$7 Million in Scholarships for Indigenous Post Secondary Students

NetNewsLedger on site at Chiefs of Ontario Education Symposium

EDMONTON – EDUCATION – The Government of Alberta is helping prepare Indigenous post-secondary students for success with $7 million in scholarships.

Minister Marlin Schmidt shakes hands with Denise Simmons and Paris Hazelwanter

Advanced Education Minister Marlin Schmidt shakes hands with Denise Simmons (L) and Paris Hazelwanter (R), who have benefited from Indigenous student supports.

The financial awards are available to First Nations, Metis and Inuit students in programs that lead to careers in high-demand fields. Eligible undergraduate students may receive up to $4,000 per year and eligible graduate students may receive up to $15,000.

The program is part of the government’s commitment to ensuring that Albertans are “Future Ready” and have the skills and training they need to succeed in a changing economy. It is anticipated that up to 1,500 students will benefit from the awards every year.

“Every Albertan should have the same opportunity to pursue higher education, regardless of financial circumstances. These awards are helping reduce barriers for Indigenous students, creating opportunities to build the skills they need for rewarding, successful careers,” shares Marlin Schmidt, Minister of Advanced Education.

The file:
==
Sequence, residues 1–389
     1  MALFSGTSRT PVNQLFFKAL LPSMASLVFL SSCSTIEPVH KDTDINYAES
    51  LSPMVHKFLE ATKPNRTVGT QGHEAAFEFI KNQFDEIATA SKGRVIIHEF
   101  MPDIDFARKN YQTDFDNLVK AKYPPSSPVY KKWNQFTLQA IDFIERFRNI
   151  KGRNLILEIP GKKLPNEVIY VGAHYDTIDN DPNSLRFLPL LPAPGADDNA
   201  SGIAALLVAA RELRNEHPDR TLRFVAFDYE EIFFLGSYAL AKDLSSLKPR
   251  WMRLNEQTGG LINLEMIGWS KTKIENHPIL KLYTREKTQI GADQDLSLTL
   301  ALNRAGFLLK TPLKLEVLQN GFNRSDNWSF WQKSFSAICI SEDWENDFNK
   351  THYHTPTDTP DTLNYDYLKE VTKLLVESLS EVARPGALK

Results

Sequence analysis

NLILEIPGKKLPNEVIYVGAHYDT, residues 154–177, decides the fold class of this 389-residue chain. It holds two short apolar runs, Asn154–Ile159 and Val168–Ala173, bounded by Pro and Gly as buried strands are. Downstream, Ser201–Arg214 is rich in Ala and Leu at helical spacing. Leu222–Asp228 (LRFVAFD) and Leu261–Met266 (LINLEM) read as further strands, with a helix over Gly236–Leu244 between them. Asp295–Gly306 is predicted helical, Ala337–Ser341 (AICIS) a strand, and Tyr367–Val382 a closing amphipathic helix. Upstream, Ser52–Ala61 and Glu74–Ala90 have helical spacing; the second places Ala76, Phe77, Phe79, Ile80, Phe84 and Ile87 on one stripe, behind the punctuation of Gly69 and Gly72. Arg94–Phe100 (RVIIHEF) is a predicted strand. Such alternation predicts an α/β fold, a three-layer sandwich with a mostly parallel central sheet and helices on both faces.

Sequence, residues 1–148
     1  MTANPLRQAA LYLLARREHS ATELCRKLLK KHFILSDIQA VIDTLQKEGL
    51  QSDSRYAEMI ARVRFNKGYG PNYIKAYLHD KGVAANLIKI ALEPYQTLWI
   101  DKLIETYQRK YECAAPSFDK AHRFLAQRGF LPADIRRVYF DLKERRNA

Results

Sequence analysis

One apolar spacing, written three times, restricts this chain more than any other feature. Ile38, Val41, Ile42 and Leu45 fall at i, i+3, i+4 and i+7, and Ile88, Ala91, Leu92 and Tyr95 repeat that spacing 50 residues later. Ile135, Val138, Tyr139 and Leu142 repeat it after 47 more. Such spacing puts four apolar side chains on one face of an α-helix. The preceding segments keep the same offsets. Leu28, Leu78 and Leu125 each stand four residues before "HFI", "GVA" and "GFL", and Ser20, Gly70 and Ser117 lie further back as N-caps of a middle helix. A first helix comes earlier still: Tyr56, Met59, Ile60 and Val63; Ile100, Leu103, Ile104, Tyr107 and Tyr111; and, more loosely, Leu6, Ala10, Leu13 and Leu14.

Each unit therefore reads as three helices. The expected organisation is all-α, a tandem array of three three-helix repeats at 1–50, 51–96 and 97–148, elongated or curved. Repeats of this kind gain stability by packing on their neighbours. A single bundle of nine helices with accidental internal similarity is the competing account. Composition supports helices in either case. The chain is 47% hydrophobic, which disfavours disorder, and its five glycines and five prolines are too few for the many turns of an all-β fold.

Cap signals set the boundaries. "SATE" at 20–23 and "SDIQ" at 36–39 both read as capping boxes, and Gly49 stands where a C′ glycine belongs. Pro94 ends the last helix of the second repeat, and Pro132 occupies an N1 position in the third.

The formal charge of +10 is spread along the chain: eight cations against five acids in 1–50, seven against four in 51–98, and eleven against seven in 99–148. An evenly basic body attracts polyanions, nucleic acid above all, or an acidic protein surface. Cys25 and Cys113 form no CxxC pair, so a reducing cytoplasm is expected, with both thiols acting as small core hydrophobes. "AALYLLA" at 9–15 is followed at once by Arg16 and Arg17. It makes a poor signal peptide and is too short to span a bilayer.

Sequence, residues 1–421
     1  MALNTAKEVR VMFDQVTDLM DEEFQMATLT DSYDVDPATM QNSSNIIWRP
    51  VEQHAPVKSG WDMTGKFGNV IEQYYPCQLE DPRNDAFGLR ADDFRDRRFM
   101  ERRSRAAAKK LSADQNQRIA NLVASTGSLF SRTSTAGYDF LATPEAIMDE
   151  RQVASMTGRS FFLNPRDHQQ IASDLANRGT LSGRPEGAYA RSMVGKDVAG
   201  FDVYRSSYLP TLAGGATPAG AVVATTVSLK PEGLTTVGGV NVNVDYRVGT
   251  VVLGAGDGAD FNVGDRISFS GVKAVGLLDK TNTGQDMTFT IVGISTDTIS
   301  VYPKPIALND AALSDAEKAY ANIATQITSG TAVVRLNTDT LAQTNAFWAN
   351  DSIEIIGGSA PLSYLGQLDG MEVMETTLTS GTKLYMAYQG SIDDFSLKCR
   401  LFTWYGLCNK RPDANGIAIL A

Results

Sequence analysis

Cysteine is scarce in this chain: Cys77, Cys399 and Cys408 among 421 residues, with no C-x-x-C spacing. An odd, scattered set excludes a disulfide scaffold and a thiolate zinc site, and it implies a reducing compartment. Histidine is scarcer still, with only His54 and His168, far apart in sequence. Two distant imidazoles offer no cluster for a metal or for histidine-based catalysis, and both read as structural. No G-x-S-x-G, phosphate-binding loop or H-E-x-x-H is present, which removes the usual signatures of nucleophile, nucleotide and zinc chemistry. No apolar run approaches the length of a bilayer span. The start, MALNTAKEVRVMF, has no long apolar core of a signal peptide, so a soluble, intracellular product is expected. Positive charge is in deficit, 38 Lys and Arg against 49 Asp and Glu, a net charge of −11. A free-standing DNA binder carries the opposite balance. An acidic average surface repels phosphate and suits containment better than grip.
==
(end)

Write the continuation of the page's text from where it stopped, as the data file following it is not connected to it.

During the 2015-16 pilot program, approximately 940 students received more than $4.3 million in grants for their post-secondary studies through the Indigenous Awards.

“These awards not only provide a direct financial benefit to learners like myself, they also provide hope, security and inspiration to learners who need extra support in making their dreams come true,” says Paris Hazelwanter, Bow Valley College student.

“Bow Valley College is grateful to receive this support from the Government of Alberta. These awards will have a tremendously positive impact on Indigenous learners as well as create even more opportunities to engage Indigenous communities in learning and achievement,” comments Sharon Carry, President and CEO, Bow Valley College.

Students can contact their Student Awards Office or visit their post-secondary institution’s website for application and deadline information. First Nations Colleges and publicly funded post-secondary institutions in Alberta administer and deliver the $7-million program.

In addition to these awards, Alberta’s student aid program has made a number of improvements for all post-secondary students, including increasing living allowances and loan limits, making loans and grants available to apprentices, and increasing grants to low-income students.

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